The Manatee County School District wisely and quickly reversed a new policy on informing the public about student expulsions, but the new procedure falls a bit short. In January, the school board quit informing the public about student misbehavior that warranted expulsion. Previously, the so-called "final orders" outlining the infractions were attached to the board agenda for a vote in a public meeting.
This school year shows a disconcerting surge in expulsions, from one during the previous six school years to six students this year. These are very serious judgments that can take a terrible toll on the futures of young people.
Education is essential to career success, personal satisfaction and family stability. That's not a secret, but the scars from school expulsion don't exactly heal, unless the character of the student blossoms.
The student's right to privacy in cases of banishment is secure, thanks to a federal law known as the Family Educational Rights and Privacy Act. Youngsters should only be identified in public disciplinary reports.
The Manatee County School District established a misguided policy in January that eliminated the public disclosure of any details surrounding an expulsion.
The fear of violating federal law motivated that action, but FERPA only applies to identifiable student records. Names and other revealing information can and should be redacted. The new policy will include the violation of the student code of conduct and the punishment.
Society does not need to malign youngsters. Unfortunately, social media can explode with details about an expulsion with student witnesses providing the information.
Frank LoMonte, executive director of the Student Press Law Center, a nonprofit that helps student journalists, has studied FERPA and its constraints. He told Herald education reporter Meghin Delaney this for a Feb. 21 article:
"The community absolutely has a right to know the grounds for which people are being expelled. Expulsion is a very serious decision, and we all know that there are documented inequities in the use of expulsion that disfavor students of color, so there is a compelling public interest in knowing how those penalties are being meted out.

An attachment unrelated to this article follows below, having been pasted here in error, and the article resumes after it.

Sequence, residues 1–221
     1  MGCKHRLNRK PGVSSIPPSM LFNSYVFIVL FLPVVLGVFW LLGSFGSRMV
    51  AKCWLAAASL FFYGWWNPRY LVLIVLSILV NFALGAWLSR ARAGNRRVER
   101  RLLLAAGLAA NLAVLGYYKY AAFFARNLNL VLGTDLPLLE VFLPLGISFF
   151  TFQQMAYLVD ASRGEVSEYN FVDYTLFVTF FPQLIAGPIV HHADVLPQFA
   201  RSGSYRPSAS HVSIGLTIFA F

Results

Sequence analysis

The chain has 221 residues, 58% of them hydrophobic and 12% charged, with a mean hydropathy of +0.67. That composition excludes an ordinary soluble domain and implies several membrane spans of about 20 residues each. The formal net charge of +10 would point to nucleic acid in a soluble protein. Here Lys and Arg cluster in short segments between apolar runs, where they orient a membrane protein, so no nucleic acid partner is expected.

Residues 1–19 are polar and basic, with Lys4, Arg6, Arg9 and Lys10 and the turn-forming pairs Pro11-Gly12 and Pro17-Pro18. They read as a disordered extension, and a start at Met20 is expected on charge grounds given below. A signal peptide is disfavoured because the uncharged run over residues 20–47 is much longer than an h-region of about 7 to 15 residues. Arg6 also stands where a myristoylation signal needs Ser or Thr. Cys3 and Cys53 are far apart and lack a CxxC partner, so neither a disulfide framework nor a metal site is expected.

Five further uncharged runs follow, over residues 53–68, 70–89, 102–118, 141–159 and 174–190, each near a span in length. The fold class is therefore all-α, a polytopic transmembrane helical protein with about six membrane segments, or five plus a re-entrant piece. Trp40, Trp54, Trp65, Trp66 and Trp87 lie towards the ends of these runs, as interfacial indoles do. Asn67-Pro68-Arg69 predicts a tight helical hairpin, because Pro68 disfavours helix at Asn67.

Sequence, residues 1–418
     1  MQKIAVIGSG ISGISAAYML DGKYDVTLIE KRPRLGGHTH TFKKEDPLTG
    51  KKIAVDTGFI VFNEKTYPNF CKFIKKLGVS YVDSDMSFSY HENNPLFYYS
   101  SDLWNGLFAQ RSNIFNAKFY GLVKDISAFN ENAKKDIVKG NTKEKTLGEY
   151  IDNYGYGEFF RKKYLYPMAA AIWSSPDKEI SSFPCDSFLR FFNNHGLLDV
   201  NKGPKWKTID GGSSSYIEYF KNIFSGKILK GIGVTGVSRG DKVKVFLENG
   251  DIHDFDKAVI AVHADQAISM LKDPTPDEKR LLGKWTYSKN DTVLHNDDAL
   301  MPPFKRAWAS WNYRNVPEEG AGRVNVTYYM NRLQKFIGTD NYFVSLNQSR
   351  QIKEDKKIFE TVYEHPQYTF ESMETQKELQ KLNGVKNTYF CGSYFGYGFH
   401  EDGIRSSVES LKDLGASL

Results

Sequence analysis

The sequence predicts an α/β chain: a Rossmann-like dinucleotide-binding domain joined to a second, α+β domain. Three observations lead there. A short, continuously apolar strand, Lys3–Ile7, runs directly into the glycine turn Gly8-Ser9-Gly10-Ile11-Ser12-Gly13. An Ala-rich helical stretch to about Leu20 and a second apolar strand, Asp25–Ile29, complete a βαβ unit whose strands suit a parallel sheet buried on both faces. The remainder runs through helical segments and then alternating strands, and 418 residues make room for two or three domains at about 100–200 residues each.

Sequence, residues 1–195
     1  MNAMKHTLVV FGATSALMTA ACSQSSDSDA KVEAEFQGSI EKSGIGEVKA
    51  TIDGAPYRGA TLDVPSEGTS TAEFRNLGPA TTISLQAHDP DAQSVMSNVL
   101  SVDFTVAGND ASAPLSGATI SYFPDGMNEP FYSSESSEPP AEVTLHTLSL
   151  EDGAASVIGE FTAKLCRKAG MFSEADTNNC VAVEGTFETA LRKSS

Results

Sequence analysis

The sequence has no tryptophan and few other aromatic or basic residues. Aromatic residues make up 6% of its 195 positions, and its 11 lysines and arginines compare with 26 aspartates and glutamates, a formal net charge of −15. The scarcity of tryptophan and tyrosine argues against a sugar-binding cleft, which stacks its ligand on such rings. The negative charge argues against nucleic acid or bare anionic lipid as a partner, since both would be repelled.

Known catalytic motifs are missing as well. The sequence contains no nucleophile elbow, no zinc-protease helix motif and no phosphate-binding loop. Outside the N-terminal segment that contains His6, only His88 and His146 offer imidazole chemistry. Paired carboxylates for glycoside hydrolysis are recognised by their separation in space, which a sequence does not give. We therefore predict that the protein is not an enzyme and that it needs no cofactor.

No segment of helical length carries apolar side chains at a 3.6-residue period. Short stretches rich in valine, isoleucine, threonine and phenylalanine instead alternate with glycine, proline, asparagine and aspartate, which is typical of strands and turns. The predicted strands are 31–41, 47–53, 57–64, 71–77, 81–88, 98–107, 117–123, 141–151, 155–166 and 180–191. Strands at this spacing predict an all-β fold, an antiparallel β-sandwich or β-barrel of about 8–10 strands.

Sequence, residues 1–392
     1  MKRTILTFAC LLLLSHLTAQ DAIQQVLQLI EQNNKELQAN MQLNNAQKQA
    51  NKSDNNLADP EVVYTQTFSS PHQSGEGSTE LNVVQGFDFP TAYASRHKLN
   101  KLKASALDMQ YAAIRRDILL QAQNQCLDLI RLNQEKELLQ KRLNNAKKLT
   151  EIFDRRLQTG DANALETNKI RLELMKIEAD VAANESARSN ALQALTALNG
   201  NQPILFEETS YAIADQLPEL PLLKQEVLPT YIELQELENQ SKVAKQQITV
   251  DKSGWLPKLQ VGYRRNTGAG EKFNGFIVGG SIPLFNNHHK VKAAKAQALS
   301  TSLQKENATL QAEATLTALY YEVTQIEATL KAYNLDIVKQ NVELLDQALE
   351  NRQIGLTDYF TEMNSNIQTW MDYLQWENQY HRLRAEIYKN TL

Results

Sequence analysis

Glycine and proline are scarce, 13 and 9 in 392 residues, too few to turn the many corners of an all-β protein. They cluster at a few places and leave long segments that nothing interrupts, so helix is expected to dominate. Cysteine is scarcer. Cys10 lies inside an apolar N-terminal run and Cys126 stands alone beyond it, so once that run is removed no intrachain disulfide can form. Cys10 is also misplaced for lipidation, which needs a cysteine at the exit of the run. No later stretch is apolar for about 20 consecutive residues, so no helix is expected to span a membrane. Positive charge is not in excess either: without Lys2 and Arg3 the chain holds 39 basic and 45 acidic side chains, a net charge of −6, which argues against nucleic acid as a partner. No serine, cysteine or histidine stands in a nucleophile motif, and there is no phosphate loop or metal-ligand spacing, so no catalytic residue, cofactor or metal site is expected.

"The public has a right to know whether expulsions have been overused or, conversely, whether students are committing serious offenses for which they receive insufficient punishment."
But parents and the public should be informed as much as legally possible. Now the district will release a public document that does not reveal the student's name or school but does outline the violation of the district's code of conduct and the resulting punishment, which could include reassignment to the district's alternative school, Horizons Academy, which serves students with academic and behavioral challenges.
A sixth-grader got expelled last week, but the district is not abandoning the child. Services to keep the student on track academically will be provided, as should be. The most severe discipline involves students expelled without services.
All students recommended for expulsion by a district committee have a right to a hearing before the school board, with parents or guardians deciding whether that meeting will be open to the public.
For parents of schoolchildren, transparency is essential -- especially since Florida is a school choice state. Withholding the name of the school does not identify the name of the student, but provides information about the school's social climate. Parents and the community have a right to know that.